Tuesday, 18 March 2014

Turkish Involvement in Syrian Looting

Syria condemns foreign involvement in organised and systematic looting of its heritage and ArtNewspaper is happy to publicise claims against Turkey (Javier Pes and Emily Sharpe, 'Turkey turns blind eye to plunder, says Syria', ArtNewspaper Issue 255, 17 March 2014)

Syria has accused Turkey of turning a blind eye to the systematic looting of the country’s cultural heritage. Illicit digging at archaeological sites is “fierce”, antiquities stores have been raided by armed gangs, and foreigners, from Turkey in particular, are smuggling hundreds of objects across its borders, Syria claims. [...] Syria has recovered some artefacts that were smuggled across its western border with Lebanon. But the 900km-long border to the north with Turkey is more problematic, a situation exacerbated by the mutual antipathy between Ankara and Bashar al-Assad’s regime. “The Turkish government has shown no interest in controlling its borders or co-operating to restitute what was taken away,” says the antiquities department’s website. Turkey’s Cultural Heritage and Museums General Management directorate would not answer specific questions about seized artefacts or comment on the Syrian complaint about a lack of co-operation.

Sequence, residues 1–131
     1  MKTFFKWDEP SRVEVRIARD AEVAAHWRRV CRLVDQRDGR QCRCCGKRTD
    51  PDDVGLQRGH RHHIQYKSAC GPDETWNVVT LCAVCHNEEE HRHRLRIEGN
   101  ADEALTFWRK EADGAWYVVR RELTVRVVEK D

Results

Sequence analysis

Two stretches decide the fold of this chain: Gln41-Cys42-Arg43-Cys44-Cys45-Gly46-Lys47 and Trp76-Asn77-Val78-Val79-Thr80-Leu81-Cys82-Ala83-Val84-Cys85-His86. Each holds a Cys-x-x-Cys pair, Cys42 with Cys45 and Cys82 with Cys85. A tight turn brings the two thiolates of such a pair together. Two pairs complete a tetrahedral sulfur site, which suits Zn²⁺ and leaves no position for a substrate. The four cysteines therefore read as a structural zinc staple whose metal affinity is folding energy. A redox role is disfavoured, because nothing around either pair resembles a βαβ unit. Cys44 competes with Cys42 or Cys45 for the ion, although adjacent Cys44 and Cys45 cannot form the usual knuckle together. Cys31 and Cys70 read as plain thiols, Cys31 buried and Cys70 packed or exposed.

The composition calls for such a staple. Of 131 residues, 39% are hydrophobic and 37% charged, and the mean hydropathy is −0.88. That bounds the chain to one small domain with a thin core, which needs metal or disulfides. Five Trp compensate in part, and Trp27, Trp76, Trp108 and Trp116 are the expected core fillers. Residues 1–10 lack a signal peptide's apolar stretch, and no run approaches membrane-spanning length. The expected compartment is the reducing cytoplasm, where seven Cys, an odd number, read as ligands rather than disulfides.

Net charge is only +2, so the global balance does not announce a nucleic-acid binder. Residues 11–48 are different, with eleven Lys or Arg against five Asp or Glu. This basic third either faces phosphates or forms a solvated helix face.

It seems dealers of Turkish origin are even in the area trying to profit from the opportunities provided by the unrest:
 In Idlib, in north-western Syria, looters are stealing from archaeological sites “in an orderly fashion”, the local community has told the department. “Antiquities dealers and smugglers, Syrians and non-Syrians, Turkish in particular, are in the region,” the report says. Lebanese antiquities dealers are said to be active in Damascus. [...] Cheikhmous Ali, a Syrian archaeologist based in France, says [...] “It is easy to hide small objects [going] through the checkpoints to Lebanon, Turkey, Jordan and Iraq,” he says. “The authorities in these countries struggle against the Mafia and the trafficking of antiquities.” [...] Those who are smuggling Syrian antiquities into neighbouring countries are probably using the same routes as the arms and drugs trade. No one knows for certain the objects’ final destinations.
However the Turks cannot be said to be totally inactive:
Ali says that he was in Mardin, a Turkish city near the Syrian border, last month and saw hundreds of objects being seized by the Turkish police from Syrian and Turkish looters. The police force in Mardin says in a statement that it has seized 335 ancient objects.
The art newspaper writes, I imagine very much tongue-in-cheek:  “Collectors have to be very careful in checking provenance papers, which are often skilfully forged.” In reality few questions aree asked by most "collectors" and few answers can ever be expected. This is why the mafia, trading arms, drugs and antiquities are able to make such a profit from the antiquity collectors who finance their operations.

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